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Living With Stroke: Community TV

  • Richard Cohen:

    Stroke is the third leading cause of death in the United States.  Almost 145,000 Americans die each year from stroke. And one more statistic:  Almost 800,000 strokes occur in the United States each year. OK, enough numbers. Most of us know surprisingly little about stroke.  Harvey Alter knows.  Harvey learned the hard way.  I want to hear it from someone who has been there.  What happened?  You were a stroke victim.  It came out of nowhere.  Tell me about it. 

  • Harvey Alter:

    I had a stroke in 2003 in June.  I was cleaning my apartment and getting ready to walk the dog when I leaned down to put her collar on, I felt dizzy and that led me to almost falling.  And the room started to spin and I couldn’t find my balance.  And I realized that I, my speech was not sounding correct.  There was a workman in the house at the time, working on the air conditioner.  And he couldn’t understand me.  I realized that something was going on.  I tried to communicate with him and nothing happened.  I then tried to write down a note to him to say that something’s wrong.  I realized then that it must be a stroke. 

  • Richard:

    When you realized it was a stroke, what in the world did you do? 

  • Harvey:

    Well, I, the super came up into my apartment and he couldn’t understand me at all.  So after signaling each other an attempt to communicate, I finally pointed to the phone.  And said, he couldn’t understand me but he said he’s going to call 911.  And that’s how it began. 

  • Richard:

    You know Harvey, your mind is all you know.  It’s your identity, your skills, your dreams.  All of this was at risk.  Weren’t you petrified? 

  • Harvey:

    I was so petrified.  I didn’t know what was happening.  I thought I was going to die. 

  • Richard:

    You really did. 

  • Harvey:

    Yes.  It kept getting worse.  My speech and my head and confusion, it was getting worse and worse.

  • Richard:

    You know, common wisdom says you have three hours to get medical help if you’re going to reverse the effects.  The clock was ticking.  Did you actually make it? 

  • Harvey:

    No, no. 

  • Richard:

    Really!  How much did you miss it by?

  • Harvey:

    I got there about four hours into the stroke. 

  • Richard:

    Do you think that that made a difference?

  • Harvey:

    I don’t know.  If I had been there an hour say, something else could have been done.  But in through the doors I come and four hours have passed.  They started giving me anticoagulants and kept me in the emergency room and I stayed there for about six to eight hours.  I was scared.  There I was waiting to find out what my fate was.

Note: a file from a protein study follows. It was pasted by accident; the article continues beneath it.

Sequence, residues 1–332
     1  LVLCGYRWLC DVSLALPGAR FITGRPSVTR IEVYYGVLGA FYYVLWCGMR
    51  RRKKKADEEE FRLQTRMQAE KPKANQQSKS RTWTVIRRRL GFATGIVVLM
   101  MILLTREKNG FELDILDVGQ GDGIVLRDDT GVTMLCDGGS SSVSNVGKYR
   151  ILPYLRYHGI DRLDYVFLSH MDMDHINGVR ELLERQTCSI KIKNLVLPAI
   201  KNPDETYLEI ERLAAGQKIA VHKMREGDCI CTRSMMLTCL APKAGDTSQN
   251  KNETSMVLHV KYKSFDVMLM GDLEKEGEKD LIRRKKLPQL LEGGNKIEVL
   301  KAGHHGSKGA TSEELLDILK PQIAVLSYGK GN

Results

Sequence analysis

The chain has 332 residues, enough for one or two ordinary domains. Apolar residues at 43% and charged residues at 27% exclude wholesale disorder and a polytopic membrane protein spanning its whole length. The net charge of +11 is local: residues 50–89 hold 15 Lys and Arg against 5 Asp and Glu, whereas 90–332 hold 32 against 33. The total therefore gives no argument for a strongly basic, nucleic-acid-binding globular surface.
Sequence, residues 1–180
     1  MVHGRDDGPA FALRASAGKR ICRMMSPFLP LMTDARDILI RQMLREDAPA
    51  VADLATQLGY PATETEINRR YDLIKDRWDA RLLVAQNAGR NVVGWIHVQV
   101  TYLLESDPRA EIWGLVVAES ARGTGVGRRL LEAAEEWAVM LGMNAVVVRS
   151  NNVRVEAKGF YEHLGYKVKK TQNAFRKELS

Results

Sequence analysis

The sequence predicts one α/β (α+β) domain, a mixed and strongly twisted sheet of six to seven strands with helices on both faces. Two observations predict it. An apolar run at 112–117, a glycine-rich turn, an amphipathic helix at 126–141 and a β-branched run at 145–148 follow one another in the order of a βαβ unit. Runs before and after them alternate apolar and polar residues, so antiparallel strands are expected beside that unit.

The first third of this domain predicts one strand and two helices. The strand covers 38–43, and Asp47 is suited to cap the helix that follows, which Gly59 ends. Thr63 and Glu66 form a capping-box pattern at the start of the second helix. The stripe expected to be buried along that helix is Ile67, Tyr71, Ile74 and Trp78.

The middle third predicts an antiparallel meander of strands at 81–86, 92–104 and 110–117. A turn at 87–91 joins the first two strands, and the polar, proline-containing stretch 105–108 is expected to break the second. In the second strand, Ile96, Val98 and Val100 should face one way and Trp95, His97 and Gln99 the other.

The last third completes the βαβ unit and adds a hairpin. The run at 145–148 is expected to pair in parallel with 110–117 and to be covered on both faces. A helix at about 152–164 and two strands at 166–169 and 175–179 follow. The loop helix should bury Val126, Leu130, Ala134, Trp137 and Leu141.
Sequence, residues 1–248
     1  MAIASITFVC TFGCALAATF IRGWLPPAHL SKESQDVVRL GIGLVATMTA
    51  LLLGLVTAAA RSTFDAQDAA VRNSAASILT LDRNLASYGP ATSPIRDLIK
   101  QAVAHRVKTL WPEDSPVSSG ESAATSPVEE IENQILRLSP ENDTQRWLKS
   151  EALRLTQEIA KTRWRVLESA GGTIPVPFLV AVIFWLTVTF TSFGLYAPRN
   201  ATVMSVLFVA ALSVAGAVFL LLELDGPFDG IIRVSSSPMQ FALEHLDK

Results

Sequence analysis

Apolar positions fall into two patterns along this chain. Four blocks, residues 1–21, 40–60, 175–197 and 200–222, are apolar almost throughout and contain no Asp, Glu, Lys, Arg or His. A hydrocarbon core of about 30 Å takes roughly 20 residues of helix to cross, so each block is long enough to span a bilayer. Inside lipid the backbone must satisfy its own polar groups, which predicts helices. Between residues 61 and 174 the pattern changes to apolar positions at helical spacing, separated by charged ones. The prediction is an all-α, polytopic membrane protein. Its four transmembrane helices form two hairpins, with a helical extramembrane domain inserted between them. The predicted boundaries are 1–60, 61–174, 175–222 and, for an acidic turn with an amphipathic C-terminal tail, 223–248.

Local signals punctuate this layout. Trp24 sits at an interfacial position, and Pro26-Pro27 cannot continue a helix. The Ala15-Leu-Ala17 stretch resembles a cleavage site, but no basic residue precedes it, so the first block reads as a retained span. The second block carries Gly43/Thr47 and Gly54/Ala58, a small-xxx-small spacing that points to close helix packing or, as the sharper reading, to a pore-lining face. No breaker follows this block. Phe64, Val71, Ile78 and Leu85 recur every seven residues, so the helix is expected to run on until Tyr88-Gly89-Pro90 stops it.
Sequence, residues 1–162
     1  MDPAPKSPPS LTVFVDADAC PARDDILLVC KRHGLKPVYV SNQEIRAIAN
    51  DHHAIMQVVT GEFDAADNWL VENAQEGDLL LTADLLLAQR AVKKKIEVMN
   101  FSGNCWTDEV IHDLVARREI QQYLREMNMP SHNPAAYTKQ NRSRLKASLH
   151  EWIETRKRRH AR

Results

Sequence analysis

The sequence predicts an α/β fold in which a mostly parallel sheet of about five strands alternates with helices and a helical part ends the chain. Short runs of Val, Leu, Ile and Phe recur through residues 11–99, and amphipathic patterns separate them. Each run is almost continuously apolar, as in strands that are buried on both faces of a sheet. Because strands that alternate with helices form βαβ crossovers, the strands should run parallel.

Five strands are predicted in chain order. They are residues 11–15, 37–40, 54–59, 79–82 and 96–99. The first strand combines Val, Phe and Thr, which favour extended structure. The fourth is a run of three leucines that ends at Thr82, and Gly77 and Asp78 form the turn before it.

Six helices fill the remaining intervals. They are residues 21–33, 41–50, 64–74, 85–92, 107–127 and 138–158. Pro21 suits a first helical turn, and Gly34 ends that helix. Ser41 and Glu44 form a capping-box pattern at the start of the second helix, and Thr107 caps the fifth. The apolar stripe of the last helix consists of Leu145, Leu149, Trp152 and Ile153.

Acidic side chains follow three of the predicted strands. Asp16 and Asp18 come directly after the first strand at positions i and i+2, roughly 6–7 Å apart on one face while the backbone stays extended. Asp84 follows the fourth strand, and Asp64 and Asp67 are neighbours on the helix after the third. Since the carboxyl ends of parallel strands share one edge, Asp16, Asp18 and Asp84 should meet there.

• Richard:

    Harvey, you’ve talked about the Valley of Death.  Tell me about it.

  • Harvey:

    Well, I believe that all of us stroke survivors, we have all been to the Valley of Death.  And some of us climb out and we are the survivors.  We are the people who have had a brush with death.  We climbed out and there we were.  What to do?  Incidentally, our partners, our wives, our children, they too have been with us in going to the Valley of Death.  They are now co-survivors.  They will remember going there with us. 

  • Richard:

    For some it’s a one way trip, isn’t it?

  • Harvey:

    I call it 'going to the country of aphasia.'  It means going somewhere that you’ve never been before.  And once you’re there, that’s where you stay.  There are…

  • Richard:

    We’re going to talk about aphasia.  You know, stroke is the leading cause of long-term disability.  And yet as strange as this sounds, you sang your way out of the whole thing, didn’t you?  Please explain that.

  • Harvey:

    In therapy with my speech therapist, she discovered that I could sing my, while I could not talk.  I couldn’t say a word but yet I can sing. 

  • Richard:

    Is this where you learned about melodic intonation therapy? 

  • Harvey:

    Yes.

  • Richard:

    Tell us about that. 

  • Harvey:

    That is when you use the right -- well, I should explain.  I had ischemic stroke on my left side of my brain.

  • Richard:

    Now, there are two kinds of strokes.

  • Harvey:

    Yes.

  • Richard:

    Explain those. 

  • Harvey:

    One is ischemic and the other is hemorrhagic.  Ischemic stroke occurs when a blood vessel that supplies blood to the brain is blocked by a plugged clot.

  • Richard:

    So it’s a clot.

  • Harvey: